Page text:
Barkada Quartet interviewed in Splash Magazine

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Barkada Quartet at Nichols Hall – Hanging With The Guys

The Music Institute of Chicago continues its delivery of top quality musical performances in the heart of its 2012 – 2013 Faculty and Guest Artist Series with a presentation of the The Barkada Quartet, winners of the 2012 Fischoff Chamber Competition.

Founded in 1973 in South Bend, Indiana, Joseph E. Fischoff and a group of ensemble members from the South Bend Chamber Music Society founded a contest to encourage youth to participate in the performance of chamber music, drawing a pool of six groups to the first competition. Now in its 40th year, the Fischoff prize has global cachet, drawing over 125 groups per year from 22 nationalities in wind and string categories. The Indiana originated Barkada Quartet boasts ‘home field advantage’ as they achieved the grand prize and also a gold medal in the senior division wind competition.

The word barkada, from the Tagalog word meaning “group of friends”, appears to be just that. Formed by a group of current and former students of the Jacobs School of Music at Indiana University, the Barkada Quartet insists their musical interests grew out of friendship and not the other way around. Their easy demeanor and relaxed presence on stage belies their expert skill as saxophonists. While performing it’s almost as if the audience is watching a group of men having a chat at the water cooler, if their conversation is conducted in a wonderfully rich (and polyphonic) language that is visceral and provocative. Barkada Quartet consists of Christopher Elchico (soprano sax), Marti Comas (alto sax), Steven Lawhorn (tenor sax), and Justin Polyblank (baritone sax). Performing a program mixed with classic and contemporary repertoire, Barkada quickly illustrated why they were selected for the Fischoff prize.

The most remarkable feature of Barkada Quartet was their versatility. It can often be difficult to adapt classical compositions to suit the tone and timbre of the relatively young saxophone family. Their blend was delicate when needed, sounding at times sweet and clear and at times bold and brash, always in line with the desired mood and performed with exceptional talent. They never sounded out of place from the 18th century Handel arrangement of Arrival of the Queen of Sheba and the famous Italian Concerto BWV 971 by Bach, to the twenty-first century John Leszczynski composition They Might Be Gods. At times Comas’ sweet and breathy tone sounded more like a clarinet than an alto, and Elchico’s soprano would flit in and out of oboe-like colors, but then a great fanfare would ring out and you feel the length and size of the coiled up baritone saxophone as it rattles the pews and has that unmistakable saxophone punch.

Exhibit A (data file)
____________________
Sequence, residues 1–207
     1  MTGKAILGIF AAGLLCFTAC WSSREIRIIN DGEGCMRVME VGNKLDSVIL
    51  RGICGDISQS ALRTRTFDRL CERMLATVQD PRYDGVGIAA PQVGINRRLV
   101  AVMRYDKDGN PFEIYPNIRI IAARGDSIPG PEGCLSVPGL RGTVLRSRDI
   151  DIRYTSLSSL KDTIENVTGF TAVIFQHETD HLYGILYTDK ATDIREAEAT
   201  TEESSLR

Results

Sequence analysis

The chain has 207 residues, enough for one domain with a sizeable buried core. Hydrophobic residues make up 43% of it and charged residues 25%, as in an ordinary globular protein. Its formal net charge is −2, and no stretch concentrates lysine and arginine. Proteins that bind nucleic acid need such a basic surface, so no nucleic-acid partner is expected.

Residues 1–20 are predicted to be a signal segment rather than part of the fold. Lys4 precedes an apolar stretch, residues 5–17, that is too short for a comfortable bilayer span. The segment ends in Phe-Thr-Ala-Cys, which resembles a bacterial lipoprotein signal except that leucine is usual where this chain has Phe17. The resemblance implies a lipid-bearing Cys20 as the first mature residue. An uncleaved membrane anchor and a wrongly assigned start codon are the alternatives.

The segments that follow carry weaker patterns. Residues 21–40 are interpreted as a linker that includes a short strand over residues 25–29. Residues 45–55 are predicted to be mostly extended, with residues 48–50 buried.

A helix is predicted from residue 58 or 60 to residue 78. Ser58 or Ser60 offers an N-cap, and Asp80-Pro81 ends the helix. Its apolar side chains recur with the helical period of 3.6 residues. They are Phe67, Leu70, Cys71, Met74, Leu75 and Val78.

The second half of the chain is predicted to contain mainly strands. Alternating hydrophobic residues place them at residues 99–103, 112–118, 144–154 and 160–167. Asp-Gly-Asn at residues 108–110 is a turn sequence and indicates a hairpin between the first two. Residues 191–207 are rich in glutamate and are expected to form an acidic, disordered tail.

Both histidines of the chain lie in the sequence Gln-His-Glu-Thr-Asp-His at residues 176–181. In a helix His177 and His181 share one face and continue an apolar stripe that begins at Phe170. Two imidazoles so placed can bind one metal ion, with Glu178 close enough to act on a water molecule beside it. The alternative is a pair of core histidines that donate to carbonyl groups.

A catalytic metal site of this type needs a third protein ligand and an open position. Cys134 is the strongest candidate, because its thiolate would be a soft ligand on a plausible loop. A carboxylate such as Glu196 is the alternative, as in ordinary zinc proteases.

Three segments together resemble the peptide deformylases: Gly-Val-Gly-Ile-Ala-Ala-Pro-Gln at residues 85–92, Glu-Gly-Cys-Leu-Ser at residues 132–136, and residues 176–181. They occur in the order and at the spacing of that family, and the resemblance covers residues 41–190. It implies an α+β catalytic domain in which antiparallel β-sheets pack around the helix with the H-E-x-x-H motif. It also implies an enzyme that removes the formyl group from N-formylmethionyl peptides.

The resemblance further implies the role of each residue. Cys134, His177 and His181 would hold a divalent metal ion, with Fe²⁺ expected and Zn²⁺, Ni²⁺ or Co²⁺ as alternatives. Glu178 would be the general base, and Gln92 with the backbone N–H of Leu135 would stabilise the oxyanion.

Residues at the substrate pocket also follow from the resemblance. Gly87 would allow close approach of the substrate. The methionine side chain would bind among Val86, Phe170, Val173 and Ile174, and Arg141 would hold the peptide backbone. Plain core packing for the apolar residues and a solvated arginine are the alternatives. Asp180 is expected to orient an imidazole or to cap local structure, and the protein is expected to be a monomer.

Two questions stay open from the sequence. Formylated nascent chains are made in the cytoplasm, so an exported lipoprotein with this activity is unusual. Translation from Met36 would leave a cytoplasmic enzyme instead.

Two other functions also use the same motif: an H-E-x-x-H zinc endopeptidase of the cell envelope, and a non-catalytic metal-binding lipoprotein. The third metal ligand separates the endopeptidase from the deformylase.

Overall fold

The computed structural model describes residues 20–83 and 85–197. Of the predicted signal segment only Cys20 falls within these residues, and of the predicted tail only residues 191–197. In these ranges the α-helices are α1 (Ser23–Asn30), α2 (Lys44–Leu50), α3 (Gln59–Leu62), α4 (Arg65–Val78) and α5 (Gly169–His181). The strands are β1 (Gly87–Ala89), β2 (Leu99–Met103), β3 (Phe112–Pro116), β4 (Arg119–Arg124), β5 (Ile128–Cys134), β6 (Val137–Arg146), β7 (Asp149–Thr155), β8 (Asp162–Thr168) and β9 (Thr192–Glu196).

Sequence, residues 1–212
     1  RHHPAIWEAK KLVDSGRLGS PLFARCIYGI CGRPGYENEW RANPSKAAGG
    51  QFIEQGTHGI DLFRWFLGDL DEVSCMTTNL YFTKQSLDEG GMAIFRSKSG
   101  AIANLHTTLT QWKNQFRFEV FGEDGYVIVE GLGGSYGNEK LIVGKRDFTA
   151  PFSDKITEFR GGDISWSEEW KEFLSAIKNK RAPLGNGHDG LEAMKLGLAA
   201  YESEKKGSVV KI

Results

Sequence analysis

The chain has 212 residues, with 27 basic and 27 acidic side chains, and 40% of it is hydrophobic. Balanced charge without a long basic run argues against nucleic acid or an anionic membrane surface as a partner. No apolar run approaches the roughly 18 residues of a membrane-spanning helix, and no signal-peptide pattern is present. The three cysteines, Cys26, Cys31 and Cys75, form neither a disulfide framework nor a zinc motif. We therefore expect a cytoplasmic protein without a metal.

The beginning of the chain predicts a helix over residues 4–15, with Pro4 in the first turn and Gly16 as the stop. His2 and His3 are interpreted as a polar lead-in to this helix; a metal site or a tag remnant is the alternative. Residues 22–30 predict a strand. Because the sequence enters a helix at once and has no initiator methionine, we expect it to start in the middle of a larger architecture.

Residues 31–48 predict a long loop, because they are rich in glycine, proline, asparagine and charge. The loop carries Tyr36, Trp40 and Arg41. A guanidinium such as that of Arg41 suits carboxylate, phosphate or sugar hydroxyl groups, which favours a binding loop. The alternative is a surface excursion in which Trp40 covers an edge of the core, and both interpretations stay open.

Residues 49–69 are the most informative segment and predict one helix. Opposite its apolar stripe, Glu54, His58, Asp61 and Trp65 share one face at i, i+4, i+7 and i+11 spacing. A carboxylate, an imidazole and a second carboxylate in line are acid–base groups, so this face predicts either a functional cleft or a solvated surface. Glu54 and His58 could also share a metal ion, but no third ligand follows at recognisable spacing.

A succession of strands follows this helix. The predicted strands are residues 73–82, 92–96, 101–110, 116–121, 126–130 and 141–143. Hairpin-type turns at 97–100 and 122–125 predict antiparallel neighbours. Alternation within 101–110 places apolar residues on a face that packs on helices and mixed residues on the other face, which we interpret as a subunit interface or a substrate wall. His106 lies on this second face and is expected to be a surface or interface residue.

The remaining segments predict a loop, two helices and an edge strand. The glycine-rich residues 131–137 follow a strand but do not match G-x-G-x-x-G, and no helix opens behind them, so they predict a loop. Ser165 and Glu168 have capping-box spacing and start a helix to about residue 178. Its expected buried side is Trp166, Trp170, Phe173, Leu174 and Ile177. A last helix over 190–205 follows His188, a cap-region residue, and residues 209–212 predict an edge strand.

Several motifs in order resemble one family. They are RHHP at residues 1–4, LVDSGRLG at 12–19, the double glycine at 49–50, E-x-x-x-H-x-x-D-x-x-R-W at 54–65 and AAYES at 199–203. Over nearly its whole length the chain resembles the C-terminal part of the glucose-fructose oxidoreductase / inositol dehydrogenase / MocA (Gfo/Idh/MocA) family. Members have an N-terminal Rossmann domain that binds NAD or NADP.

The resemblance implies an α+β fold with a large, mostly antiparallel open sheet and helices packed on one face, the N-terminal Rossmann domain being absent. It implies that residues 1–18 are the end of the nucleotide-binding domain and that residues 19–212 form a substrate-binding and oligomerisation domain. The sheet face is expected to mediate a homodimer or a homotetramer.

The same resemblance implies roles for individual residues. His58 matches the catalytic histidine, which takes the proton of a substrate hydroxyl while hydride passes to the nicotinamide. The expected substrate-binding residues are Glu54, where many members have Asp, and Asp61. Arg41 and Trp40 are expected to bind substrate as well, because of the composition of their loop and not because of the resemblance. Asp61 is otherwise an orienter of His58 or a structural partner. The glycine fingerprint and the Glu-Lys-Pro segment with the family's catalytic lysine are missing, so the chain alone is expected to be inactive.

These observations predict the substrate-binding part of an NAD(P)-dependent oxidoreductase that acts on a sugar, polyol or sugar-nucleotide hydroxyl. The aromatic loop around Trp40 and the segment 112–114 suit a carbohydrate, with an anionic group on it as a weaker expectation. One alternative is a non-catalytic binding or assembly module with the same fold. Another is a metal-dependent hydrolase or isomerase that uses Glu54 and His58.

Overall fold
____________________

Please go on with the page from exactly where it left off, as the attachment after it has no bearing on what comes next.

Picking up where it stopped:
While the Bach Italian Concerto was particularly well performed and a personal favorite, perhaps their most impressive performance was Quartets per a saxos, Volum 1 by Spanish saxophonist and composer David Salleras Quintana. The Quartets has a great narrative quality, almost cinematic, and while there is an unmistakably Spanish contemporary aesthetic, there’s also a bit of far east snake charmer sprinkled in. Quintana puts each saxophonist through its paces, exploring its full range as well as pushing its tonal boundaries with polyphony and altissimo runs that were performed with a remarkably high quality. I stepped away enjoying this piece the most for its playful yet reflective balance, it felt much more honest and celebratory of the saxophone as an instrument.

The Barkada Quartet’s greatest asset is their clear sense of friendship and easy rapport with the audience. They casually deliver such a high caliber chamber music that it would be easy to imagine a long and promising career for the group. Currently on their Fischoff-sponsored victory tour around the Midwest and then a 2013 tour in Italy, Barkada is certain to catch people’s ear the world over.

 

 

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